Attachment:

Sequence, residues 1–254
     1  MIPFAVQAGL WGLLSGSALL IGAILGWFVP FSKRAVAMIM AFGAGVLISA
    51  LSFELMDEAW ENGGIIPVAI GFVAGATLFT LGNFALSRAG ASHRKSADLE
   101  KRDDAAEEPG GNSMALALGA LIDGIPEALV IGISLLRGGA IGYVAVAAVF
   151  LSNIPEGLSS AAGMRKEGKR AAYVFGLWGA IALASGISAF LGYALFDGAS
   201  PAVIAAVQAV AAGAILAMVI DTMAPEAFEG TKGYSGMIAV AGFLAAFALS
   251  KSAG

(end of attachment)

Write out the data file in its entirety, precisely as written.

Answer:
Sequence, residues 1–254
     1  MIPFAVQAGL WGLLSGSALL IGAILGWFVP FSKRAVAMIM AFGAGVLISA
    51  LSFELMDEAW ENGGIIPVAI GFVAGATLFT LGNFALSRAG ASHRKSADLE
   101  KRDDAAEEPG GNSMALALGA LIDGIPEALV IGISLLRGGA IGYVAVAAVF
   151  LSNIPEGLSS AAGMRKEGKR AAYVFGLWGA IALASGISAF LGYALFDGAS
   201  PAVIAAVQAV AAGAILAMVI DTMAPEAFEG TKGYSGMIAV AGFLAAFALS
   251  KSAG